Pressure in the eye is called intraocular pressure (IOP). Tonometry tests the amount of pressure in the eye.
Elevated eye pressure can lead to eye damage. This may be part of a disease called
If left untreated, glaucoma can cause blindness. Tonometry is used to screen for glaucoma. It is also used to monitor the treatment of glaucoma.
You may have ocular hypertension. This happens when pressure is elevated but is not caused by glaucoma.
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There are no major complications associated with this procedure.
There are 2 main types of tonometry: the
noncontact air puff method
applanation method that flattens the cornea with pressure. The type of tonometry that is done will depend on the equipment your doctor has and the type of test they decide to do.
You may be asked to
remove corrective lenses, such as contacts.
For both methods, you will be asked to sit in an exam chair. You may be asked to place your chin in a special cradle and rest your forehead against a bar. The chin cup and forehead rest will balance and steady your head.
You will be asked to look into an instrument. A puff of air will be blown into the eye. No instruments come in contact with the eye.
Anesthetic drops will be placed in your eyes before the test. This will numb your eye. A small amount of an orange dye may also be placed into your eye. When your head is balanced and steady, you will be asked to look into an instrument with a blue light. A probe will push against your eye. How hard the probe has to push lets the doctor know how much pressure is in the eye. This test does not hurt because the eye is numb. This test is considered the most accurate method of checking pressure.
Another method of applanation tonometry is the use of a handheld device shaped like a pen. The device will be pushed against the front of your eye to get pressure readings. Again, it does not hurt because the eye is numb.
There are other devices that are used to check eye pressure. The ones listed above are the most common.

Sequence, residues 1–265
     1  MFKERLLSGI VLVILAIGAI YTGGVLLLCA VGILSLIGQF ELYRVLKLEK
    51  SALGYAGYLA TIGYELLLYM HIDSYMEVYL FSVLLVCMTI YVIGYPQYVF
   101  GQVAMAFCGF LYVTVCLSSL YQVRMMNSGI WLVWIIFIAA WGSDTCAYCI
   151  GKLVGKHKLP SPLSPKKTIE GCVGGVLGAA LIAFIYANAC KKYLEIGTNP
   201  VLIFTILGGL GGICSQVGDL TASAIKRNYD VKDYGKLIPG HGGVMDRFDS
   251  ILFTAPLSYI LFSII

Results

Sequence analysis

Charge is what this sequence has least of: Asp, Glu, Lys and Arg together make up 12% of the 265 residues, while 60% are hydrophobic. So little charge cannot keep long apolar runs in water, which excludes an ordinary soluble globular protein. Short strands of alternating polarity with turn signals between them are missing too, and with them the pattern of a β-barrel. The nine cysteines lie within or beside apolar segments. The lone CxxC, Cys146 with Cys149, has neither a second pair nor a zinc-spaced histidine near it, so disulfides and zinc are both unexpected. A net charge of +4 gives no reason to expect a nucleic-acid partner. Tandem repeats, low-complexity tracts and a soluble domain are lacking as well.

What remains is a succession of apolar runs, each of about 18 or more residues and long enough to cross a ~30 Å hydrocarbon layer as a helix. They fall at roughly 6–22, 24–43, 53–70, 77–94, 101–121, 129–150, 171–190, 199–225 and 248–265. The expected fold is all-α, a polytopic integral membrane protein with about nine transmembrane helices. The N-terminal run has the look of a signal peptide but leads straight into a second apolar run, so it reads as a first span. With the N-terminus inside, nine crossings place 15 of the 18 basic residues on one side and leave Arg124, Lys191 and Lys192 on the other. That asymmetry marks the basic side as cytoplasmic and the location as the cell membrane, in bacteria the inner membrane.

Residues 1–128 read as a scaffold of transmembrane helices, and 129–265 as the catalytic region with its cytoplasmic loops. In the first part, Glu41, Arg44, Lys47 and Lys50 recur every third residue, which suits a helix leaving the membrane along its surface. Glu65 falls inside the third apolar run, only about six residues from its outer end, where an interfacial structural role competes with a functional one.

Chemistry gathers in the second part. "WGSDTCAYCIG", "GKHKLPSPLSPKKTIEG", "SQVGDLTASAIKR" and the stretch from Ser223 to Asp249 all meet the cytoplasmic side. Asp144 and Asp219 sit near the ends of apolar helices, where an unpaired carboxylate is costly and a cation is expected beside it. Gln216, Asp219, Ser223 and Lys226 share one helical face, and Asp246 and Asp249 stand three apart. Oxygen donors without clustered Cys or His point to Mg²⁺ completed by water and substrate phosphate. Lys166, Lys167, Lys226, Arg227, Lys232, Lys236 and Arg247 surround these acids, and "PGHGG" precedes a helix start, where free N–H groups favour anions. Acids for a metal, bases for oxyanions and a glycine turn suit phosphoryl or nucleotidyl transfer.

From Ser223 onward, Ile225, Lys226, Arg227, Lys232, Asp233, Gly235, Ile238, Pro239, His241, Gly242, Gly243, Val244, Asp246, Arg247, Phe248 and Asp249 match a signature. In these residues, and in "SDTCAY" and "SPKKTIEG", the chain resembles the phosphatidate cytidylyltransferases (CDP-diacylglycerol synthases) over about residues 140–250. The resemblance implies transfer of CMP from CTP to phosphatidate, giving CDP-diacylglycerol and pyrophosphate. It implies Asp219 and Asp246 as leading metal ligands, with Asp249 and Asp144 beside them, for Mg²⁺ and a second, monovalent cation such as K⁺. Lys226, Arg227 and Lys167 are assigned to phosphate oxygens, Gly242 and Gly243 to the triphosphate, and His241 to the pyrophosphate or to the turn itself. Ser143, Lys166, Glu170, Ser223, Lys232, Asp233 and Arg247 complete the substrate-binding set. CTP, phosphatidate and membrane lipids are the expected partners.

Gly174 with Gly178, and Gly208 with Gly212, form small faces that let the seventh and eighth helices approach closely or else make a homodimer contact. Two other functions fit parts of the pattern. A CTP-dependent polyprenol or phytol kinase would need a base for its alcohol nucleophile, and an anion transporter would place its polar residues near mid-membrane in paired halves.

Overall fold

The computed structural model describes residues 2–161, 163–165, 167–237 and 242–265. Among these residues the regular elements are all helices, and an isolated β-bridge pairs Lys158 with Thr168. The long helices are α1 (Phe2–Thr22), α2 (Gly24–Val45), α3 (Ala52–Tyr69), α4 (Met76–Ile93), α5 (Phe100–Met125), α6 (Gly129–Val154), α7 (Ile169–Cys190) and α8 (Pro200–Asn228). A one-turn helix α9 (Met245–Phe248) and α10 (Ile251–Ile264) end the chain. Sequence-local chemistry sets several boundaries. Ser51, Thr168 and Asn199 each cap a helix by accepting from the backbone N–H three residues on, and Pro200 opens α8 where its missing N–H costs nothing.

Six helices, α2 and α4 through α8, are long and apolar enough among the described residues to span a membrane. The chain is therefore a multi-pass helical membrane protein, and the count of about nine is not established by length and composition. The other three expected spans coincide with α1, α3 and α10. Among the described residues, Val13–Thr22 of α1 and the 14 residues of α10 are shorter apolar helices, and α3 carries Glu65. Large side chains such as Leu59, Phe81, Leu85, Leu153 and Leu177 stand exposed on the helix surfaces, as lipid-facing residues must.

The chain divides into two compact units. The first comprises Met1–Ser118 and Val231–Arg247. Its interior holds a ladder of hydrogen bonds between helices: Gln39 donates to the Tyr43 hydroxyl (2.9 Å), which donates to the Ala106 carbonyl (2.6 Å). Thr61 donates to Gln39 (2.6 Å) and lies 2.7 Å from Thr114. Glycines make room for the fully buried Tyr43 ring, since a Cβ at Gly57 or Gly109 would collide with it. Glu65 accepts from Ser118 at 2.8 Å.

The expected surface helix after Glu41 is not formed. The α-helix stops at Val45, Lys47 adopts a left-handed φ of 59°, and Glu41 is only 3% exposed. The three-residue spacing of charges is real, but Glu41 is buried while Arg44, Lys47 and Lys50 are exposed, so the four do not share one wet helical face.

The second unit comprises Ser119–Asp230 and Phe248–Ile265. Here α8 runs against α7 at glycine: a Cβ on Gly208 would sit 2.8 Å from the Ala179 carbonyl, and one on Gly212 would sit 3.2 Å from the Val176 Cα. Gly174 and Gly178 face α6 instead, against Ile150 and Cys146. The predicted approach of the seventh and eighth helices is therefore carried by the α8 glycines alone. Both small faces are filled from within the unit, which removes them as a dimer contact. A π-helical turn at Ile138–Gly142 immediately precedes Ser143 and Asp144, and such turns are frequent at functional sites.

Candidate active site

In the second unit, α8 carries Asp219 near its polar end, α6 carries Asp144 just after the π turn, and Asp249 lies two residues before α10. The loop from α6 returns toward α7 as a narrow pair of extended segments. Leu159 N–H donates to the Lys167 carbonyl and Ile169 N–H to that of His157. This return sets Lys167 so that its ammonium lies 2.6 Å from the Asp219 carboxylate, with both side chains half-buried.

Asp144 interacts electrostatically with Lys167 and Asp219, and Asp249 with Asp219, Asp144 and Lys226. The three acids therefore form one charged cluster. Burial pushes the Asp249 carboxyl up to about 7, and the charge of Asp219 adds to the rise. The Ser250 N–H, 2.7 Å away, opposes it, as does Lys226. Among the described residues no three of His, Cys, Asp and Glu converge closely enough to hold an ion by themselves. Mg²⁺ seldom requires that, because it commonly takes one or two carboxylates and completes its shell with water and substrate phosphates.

The numbing drops and dye wear off in about 20 minutes. It is important not to rub your eye while it is numb.
This test is painless. Some people do experience a slight sting or tingling due to the anesthetic drops.
If you are having the procedure for glaucoma screening, your doctor will discuss the results with you and determine treatment options, if needed.
If you are having the procedure to monitor an existing diagnosis of glaucoma, your doctor will determine if your current care is helping to lower your eye pressure.
After the test, call your doctor if you have any of the following eye discomforts: BurningExcessive itchingSwellingPink or reddish color that does not go awayDecreased visionAny other eye problem
In case of an emergency, call for emergency medical services right away.
Five common glaucoma tests. Glaucoma Research Foundation website. Available at: http://www.glaucoma.org/glaucoma/diagnostic-tests.php. Updated April 22, 2013. Accessed June 16, 2016.
Tonometers. The College of Optometrists website. Available at: http://www.college-optometrists.org/en/college/museyeum/online_exhibitions/optical_instruments/tonometers.cfm. Accessed June 16, 2016.
Last reviewed June 2016 by Michael Woods, MD
Please be aware that this information is provided to supplement the care provided by your physician. It is neither intended nor implied to be a substitute for professional medical advice. CALL YOUR HEALTHCARE PROVIDER IMMEDIATELY IF YOU THINK YOU MAY HAVE A MEDICAL EMERGENCY. Always seek the advice of your physician or other qualified health provider prior to starting any new treatment or with any questions you may have regarding a medical condition.
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